Figure22 show energy levels (ground and excited) of the positively charged trion.

In Figure
Figure33 we present the density of states (DOS) corresponding to the electron (dash lines) and to the positively charged trion (solid lines) for cases of the zero magnetic field (*γ*=0) and (*γ*=3). In both cases one can observe the presence of three separated peaks which we associate to the bonding, mixed, and anti-bonding states, respectively. The first peak is a superposition of the lines corresponding to the lower bonding states, the intermediate peak is related to a superposition of the upper bonding and the lower anti-bonding states, and the last peak is due to a superposition of the upper anti-bonding states.

When comparing the curves of DOS for the trion and electron, one can see that the additional attraction between the electron and holes in trion provides a displacement of all the peaks toward the region with lower energies. On the other hand, an external magnetic field enhances the difference between the curves of DOS for the electron and the trion due to the fact that the splitting between energy levels with positive and negative angular momentum states for the trion is larger than for the electron. Therefore, it is seen in Figure
Figure33 a more significant broadening of the peaks for the trion in the presence of the magnetic field (*γ*=3). Also in Figure
Figure3,3, one can observe a slight displacement of the peaks provided by the magnetic field toward the region of higher energies due to the diamagnetic term
in the Hamiltonian.

In Figures
Figures44 and
and55 we display the similar results for vertically coupled disk-shaped QDs. It is seen that the potential curves for the disks are analogous to those for the lens in Figure
Figure22 with a single but very important difference: the electron energies and gaps between them in the lens and in Figure
Figure44 are lower than the correspondent values in the lens in Figure
Figure2.2. It is due to the fact that the in-plane confinement in lens is stronger than one in disk resulting in a weak resolution of the three peaks in the zero-magnetic field case (*γ*=0) as it is seen in Figure
Figure5,5, where the third peak is transformed in a right-side shoulder at DOS curve.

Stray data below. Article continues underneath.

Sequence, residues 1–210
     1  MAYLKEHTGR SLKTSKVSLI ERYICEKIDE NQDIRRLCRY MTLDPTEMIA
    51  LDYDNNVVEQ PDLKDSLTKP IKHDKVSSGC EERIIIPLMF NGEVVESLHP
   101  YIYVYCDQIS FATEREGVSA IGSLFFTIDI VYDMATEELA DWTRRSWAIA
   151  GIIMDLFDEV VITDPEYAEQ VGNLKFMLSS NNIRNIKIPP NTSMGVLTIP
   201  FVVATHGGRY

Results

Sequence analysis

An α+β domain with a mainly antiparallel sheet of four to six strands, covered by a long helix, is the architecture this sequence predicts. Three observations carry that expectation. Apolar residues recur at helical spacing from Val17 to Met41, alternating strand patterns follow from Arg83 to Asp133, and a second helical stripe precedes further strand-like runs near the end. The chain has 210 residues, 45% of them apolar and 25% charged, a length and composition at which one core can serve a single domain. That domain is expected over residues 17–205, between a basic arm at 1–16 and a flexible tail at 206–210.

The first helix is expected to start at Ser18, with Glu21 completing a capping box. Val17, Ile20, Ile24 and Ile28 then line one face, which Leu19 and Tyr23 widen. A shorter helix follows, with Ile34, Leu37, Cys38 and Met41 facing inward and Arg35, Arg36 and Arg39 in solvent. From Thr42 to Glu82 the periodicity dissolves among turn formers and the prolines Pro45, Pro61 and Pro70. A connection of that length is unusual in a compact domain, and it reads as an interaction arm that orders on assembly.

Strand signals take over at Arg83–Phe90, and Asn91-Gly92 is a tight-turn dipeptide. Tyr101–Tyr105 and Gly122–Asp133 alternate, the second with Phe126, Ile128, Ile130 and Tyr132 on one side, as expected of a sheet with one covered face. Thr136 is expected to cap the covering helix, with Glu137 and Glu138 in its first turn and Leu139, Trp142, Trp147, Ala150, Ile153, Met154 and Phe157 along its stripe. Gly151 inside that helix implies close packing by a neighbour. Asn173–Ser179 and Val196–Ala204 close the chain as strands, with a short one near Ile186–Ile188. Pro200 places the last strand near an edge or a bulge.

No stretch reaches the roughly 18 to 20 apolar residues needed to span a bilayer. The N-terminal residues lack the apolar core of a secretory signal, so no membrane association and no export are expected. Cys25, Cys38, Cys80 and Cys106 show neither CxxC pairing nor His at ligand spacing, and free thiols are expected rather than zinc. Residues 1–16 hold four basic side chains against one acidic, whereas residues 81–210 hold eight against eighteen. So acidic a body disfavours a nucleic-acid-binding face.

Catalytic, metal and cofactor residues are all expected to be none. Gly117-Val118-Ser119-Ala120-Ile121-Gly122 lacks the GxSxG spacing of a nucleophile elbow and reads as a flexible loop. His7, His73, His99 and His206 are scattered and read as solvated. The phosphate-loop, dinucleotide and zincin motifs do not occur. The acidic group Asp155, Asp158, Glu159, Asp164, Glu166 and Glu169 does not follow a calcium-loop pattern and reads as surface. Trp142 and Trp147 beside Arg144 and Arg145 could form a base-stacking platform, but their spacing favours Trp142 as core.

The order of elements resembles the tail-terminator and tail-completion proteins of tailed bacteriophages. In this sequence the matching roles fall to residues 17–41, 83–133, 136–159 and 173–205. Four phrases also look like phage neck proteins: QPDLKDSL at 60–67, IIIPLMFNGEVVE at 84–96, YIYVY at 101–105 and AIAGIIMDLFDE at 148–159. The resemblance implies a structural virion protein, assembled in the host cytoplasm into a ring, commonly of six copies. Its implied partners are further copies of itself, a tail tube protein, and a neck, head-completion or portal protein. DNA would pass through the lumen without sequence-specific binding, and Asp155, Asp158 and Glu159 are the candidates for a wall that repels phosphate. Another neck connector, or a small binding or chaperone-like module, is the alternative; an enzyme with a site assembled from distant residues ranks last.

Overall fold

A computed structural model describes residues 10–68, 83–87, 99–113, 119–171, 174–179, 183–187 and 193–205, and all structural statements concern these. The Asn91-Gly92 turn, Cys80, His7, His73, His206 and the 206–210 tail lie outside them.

However, as the magnetic field is sufficiently strong, the electron becomes more strongly confined within a region about the axis and the energy spectrum becomes analogous to one in lens. In consequence, the DOS in disk-shaped vertically coupled QDs for the magnetic field in Figure
Figure55 (*γ*=3) becomes similar to the lens-shaped QDs in Figure
Figure33.

In short we propose a simple numerical procedure for calculating the energy spectrum of a positively charged exciton confined in a semiconductor heterostructure that are formed by two vertically coupled, axially symmetrical type II quantum dots located close to each other. The electron in the structure is mainly located inside the dots, while the holes generally are placed in the exterior region close to the symmetry axis. Our calculation includes some important characteristic of the heterostructure such as the possibility of the variation of the QD morphology. We found that the holes' vibrational sublevels with gaps significantly smaller than the corresponding values between the electronic levels and the gaps between bonding and anti-bonding levels with the same quantum numbers are larger than the gaps between two levels with the same parity and different quantum numbers. Also we found that the splitting between energy levels with positive and negative angular momentum states for the trion is larger than for the electron, and the external magnetic field enhances the difference between curves of DOS for the electron and the trion.

The authors declare that they have no competing interests.

All authors contributed equally to this work. JSO created the analytic model with contributions from IM, SHP and GES performed numerical calculations and wrote the manuscript. All authors discussed the results and implications and commented on the manuscript at all stages. All authors read and approved the final manuscript.

This work was financed by the Universidad del Magdalena through the Vicerrectoría de Investigaciones (*Código* 01).